Every day, except for Friday, classes are interrupted for an hour lunch.
Not all schools serve lunch in Lesotho, fortunately, mine does. I am sure I do not have to go into detail about how empty stomachs hinder learning, but it is a problem for many schools throughout the country. Students do not have the energy to muster through six hours of classes without nutrients and, sadly, some live too far away to go home for lunch or can’t afford to bring their own food.
Although my school does offer lunch and costs to do so are included in term fees, it isn’t often a great lunch. Two days a week the students are served papa and merreho – cornmeal and vegetables – and the other two they get samp – sort of like creamed corn, but chunkier and without much taste. Once and awhile we are dished beans, but not enough to put it on the schedule regularly. The students often complain that they are “not satisfied.” I don’t blame them. I too find little to be excited over the lunch.
But it is food and the only meal for some students. They may not like it but they usually finish their plates.
At 1 p.m. the handheld bell is rung to end classes and start the lunch line. Students bring their own plates or bowls, sometimes it’s an empty butter container. They line up and wait for their turn. Inside, the head students assist the cooks in dishing up the gruel for the day. Students hand their plates inside and, after a few minutes, they are handed back.
One day I sat inside the kitchen and watched this process. The kitchen is rectangular building with three large fire kettles and three large gasoline burners. The cooks – two women from nearby villages – usually cook the papa and samp in the fire kettles and the vegetables on the stove. On papa and merreho days, for example, one student will stand at the door and take the plate from the line of students outside. He passes it to the student near the papa who holds the dish as the cook slops two spoonfuls of papa onto it. He hands back to the first student who waits for a helping of merreho and then passes it back to the owner.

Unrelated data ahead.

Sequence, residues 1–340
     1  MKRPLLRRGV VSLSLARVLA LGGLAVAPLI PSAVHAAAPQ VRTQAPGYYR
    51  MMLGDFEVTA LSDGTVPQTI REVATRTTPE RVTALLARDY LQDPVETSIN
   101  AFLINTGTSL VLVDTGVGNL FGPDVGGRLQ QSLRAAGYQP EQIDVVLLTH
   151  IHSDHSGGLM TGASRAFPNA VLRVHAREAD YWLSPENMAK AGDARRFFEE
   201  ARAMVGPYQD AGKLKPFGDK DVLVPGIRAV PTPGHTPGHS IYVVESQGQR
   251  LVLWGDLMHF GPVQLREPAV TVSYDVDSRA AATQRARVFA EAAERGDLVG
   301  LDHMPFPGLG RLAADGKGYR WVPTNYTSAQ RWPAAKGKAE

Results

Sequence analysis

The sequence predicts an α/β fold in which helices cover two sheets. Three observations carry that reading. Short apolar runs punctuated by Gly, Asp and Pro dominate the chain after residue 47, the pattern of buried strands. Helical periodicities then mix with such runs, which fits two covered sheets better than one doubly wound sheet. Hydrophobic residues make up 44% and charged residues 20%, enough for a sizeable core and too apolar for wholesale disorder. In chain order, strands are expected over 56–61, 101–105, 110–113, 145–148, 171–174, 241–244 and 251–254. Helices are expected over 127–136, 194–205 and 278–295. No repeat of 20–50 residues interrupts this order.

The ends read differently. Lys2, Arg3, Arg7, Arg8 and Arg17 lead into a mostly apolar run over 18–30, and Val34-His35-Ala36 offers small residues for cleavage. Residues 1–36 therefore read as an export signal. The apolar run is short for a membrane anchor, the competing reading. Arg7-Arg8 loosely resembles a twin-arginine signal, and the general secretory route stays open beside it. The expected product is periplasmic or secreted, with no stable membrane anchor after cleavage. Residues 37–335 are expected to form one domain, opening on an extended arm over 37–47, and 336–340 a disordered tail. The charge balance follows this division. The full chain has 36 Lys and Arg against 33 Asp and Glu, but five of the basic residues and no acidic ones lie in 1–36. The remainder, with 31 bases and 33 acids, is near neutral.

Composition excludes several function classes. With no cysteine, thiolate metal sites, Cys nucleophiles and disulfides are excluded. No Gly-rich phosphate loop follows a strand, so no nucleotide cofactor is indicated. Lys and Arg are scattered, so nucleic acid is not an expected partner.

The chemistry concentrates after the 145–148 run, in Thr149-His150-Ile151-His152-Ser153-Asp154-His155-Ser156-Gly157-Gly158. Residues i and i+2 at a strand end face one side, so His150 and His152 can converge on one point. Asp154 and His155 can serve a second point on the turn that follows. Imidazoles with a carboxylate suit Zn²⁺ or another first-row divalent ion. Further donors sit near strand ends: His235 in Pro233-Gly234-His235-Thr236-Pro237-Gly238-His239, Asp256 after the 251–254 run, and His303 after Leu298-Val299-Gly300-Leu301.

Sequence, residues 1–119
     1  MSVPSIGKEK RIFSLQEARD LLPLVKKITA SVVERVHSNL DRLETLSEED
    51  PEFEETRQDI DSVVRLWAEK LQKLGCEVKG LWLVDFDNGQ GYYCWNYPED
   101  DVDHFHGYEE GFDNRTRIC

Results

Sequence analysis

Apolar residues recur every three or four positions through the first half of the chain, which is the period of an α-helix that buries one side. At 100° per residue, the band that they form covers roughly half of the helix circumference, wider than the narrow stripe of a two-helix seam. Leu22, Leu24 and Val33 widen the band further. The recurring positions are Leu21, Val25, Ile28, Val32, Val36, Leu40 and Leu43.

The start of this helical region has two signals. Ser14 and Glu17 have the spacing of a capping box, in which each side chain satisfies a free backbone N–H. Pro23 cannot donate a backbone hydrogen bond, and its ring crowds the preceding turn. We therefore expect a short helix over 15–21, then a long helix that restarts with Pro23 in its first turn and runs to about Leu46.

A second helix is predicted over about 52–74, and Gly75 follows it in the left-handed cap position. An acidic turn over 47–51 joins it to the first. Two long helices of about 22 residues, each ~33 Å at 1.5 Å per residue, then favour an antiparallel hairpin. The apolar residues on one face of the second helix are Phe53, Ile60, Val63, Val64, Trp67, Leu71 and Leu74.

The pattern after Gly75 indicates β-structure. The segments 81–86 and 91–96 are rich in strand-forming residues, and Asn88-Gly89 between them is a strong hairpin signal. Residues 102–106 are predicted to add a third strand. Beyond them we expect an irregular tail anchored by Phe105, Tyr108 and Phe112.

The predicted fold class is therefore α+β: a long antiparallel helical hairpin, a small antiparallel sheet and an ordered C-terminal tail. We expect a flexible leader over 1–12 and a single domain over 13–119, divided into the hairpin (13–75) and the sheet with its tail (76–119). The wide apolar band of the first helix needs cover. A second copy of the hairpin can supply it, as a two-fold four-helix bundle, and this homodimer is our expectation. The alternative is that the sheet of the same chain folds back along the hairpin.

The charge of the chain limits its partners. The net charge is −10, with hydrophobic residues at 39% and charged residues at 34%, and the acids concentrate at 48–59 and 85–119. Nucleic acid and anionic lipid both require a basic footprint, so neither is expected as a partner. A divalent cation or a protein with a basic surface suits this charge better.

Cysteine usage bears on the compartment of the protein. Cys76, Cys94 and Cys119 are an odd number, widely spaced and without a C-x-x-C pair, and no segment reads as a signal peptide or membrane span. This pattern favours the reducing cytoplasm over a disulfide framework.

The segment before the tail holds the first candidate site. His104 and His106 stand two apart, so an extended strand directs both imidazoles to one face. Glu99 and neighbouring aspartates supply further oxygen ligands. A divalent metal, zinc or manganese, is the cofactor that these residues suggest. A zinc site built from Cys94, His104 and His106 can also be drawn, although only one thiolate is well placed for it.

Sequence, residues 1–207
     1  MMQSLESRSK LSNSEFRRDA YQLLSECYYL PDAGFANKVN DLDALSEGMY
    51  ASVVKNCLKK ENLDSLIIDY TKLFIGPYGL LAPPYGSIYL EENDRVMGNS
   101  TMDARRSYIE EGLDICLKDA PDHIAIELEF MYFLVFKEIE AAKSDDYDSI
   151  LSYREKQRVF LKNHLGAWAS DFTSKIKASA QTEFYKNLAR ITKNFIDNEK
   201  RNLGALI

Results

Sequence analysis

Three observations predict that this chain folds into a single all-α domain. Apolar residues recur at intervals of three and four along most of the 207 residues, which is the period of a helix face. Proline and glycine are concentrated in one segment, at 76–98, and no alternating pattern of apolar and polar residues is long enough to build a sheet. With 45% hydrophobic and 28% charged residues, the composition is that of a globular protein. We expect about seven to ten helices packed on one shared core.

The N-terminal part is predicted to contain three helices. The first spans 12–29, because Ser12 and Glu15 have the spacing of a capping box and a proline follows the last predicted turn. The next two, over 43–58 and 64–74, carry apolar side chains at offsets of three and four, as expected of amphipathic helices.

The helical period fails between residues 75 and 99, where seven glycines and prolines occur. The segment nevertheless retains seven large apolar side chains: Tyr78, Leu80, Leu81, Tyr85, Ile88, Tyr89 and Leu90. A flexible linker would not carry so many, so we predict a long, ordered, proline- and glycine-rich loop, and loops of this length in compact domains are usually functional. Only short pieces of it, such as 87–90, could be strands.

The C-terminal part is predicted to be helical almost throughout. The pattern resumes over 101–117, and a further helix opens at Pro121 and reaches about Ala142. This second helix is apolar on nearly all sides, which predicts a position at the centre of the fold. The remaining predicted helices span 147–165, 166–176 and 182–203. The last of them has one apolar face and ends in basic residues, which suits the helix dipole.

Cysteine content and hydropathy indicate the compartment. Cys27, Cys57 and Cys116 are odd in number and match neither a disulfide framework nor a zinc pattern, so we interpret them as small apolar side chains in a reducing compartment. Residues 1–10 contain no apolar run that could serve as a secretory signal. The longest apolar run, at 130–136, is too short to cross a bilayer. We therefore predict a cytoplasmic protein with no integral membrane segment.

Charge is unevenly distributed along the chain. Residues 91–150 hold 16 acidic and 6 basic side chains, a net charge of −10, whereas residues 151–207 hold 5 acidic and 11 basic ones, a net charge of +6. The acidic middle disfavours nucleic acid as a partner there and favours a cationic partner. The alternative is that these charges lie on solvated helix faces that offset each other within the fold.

The girls often eat near the classroom while the boys like to hide in the bushes. They are as noisy and chatty as an high school lunchroom in America. Once finished, they go to the tap and wash off their dish.
Watching this reminds me of my days in the cafeteria. By my junior and senior year, I had stopped eating lunch at school, actually I had stopped eating lunch all together. Before that though, I would line up like the other students and hold out my tray to get whatever was being served that day. At my school, pizza was an option every other day. Every other day. Very healthy. But, we liked it. I could also buy a cookie or Little Debbie bar if I wanted extra sweets. We used to think the food was terrible but I would trade the worst meal – chicken fried steak – for samp any day.
I too eat at school. Before the students are served, a few plates are sent to the staff room for the teachers. Most days it is exactly what the students are eating, but sometimes there is a piece of meat. Or, if there is a board meeting that day with important people, we can a few types of vegetables and meat.
Because I can see the papa and samp on my hips these days, I’ve tried to cut back on the oil, salty starches. On samp days, I usually don’t eat and bring my own lunch. On papa and merreho days, I bring homemade wheat flour tortillas and eat them with the vegetables. The other teachers find it funny that I don’t eat papa, but I’m not bothered by their smirks anymore.
I usually sit with the teachers in the staff room as they speak in Sesotho. Sometimes they engage me, sometimes not. At first, I was hurt, thinking it meant they didn’t want anything to do with me. Now, I realize they forget that I don’t speak Sesotho and I like being able to zone out. Sometimes we do have a nice conversation about the school or Basotho and American culture.
At 2 p.m. the bell rings again and classes are to start again. The students put their plates back into their bags and the empty teachers’ plates are returned for cleaning.
Lunch at school is such a universal thing that it shouldn’t feel special, but it does. When I watch the students line up for their food, I often see them only as my students. This is our school and this our lunchtime. It’s at this time the students joke with me more and we are no longer students in different grades and teachers of different subjects. We are just one school at lunch.